Almost exactly one year ago Markus and I met at Agile2014 and came up with a new idea, “Save Our Scrum.” We saw problems across not only our customers, but also most line employees we met at user groups, on twitter, and nearly every “Agile” event we attended. A few months later we announced it right here on our blog as the Save Our Scrum initiative. In January 2015, Matt gave a presentation with the same name at CodeMash, then again in March at the Federation of Agile Testers in the Netherlands outside of Amsterdam. Go ahead and click the link and scroll down for the reviews – they ain’t terrible.
Our friends at Diaz & Hilterscheid, who organized conferences, got excited enough about the idea to offer a workshop on the topic at Agile Testing Days 2015, November 10th in Potsdam, Germany, with both Markus and Matt. We pleased an honored.
But maybe you can’t get to Germany in November. Or, even if you can, you think two hours isn’t enough to both cover what matters in Scrum and get to real problem-solving.
If that is the case, this post is for you.
Announcing Save Our Scrum – The Book
After Agile 2014, Markus and I went back to develop the material we would use for the talks. We wrote things down, creating an outline in five parts – our understanding of Scrum, why it works, what goes wrong, “nuggets” of insight, and case studies.
By the time Agile2015 rolled around, we had the first three parts done, and launched the book on leanpub for ten US dollars.
Purchase the book now and you’ll get the current version, the chance to influence the direction of the book, and, if you ask, an invitation to the slack room where we are discussing the material. That’s right — tell us your problems and we’ll write about it.
That’s not free consulting, but it is close. It also has a cost — mostly your time. All our experience is that these micro-costs improve the odds that people will listen to the advice. If you’re not sold, click on download on the Leanpub page for a bit of free material.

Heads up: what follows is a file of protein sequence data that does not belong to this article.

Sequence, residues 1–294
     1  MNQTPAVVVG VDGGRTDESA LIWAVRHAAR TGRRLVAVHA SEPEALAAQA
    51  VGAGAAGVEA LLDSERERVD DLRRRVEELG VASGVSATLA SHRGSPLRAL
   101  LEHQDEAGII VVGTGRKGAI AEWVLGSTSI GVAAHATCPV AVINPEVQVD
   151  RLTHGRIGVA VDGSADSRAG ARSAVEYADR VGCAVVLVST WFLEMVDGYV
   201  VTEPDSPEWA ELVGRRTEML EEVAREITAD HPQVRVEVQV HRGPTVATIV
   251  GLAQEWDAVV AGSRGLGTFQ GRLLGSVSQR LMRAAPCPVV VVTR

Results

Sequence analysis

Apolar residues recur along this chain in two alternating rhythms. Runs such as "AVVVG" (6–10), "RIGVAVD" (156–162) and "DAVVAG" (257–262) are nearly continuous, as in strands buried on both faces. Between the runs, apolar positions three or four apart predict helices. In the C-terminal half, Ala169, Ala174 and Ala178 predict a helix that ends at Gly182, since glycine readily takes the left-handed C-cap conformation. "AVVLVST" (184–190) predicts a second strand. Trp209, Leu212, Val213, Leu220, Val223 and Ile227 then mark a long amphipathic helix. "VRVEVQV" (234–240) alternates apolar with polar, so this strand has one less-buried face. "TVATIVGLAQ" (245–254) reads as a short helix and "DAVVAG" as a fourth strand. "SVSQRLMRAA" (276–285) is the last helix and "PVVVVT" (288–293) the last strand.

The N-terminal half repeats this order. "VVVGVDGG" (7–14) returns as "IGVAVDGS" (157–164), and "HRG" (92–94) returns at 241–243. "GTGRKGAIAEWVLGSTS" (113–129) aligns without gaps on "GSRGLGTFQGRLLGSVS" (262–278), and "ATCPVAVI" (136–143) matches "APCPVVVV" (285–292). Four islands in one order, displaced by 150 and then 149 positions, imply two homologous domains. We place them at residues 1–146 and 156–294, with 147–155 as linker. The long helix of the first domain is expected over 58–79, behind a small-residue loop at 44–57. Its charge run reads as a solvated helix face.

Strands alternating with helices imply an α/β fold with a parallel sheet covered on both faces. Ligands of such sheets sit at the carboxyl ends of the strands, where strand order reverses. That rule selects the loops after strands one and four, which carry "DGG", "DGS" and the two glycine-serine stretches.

If you feel strongly enough, contribute to the book. The “nugget” format means writing one takes an hour or two.
Meanwhile, On Twitter …
The pro-scrum people say that if Scrum doesn’t need saving, it was just implemented wrong.
The anti-scrum people say we should be chasing value, not doing scrum better.
More than a few people who were the target audience for the book six months ago have given up on Scrum by the time we got the book out.
Look, folks. This book is about getting value out of software development, using a model like Scrum. We’ll talk about common traps that teams fall into and small experiments and ideas to get out (“tools, tips and techniques for teams in trouble”) If you aren’t “doing Scrum”, we expect you can get value from understanding it – many of the nuggets apply on nearly any project. Using the language of Scrum allows us to reduce friction in conversations, and set up some shared expectations.
Markus and Matt put our heads together, put off our families, billable work, and sometimes both to develop something we are proud of. We think it is advanced to the point that it is worth sharing. We would like your ideas to improve it. And yes, we’d like to ask for your support, one more time.
If you want free material, multiple times a week, check out our posts on Uncharted Waters, Matt’s articles for Stickyminds, or CIO.com, or SearchSoftwareQuality, this blog or our archives. That’s just Matt – you could also look at Justin Rohrman’s work and Markus’s.
For now, we’d like your support, and we would also like to earn it. If Save Our Scrum is relevant for you, we hope you’ll consider it.
If not, tell us what is, or tell us about your own book.
We’ve love to hear about it.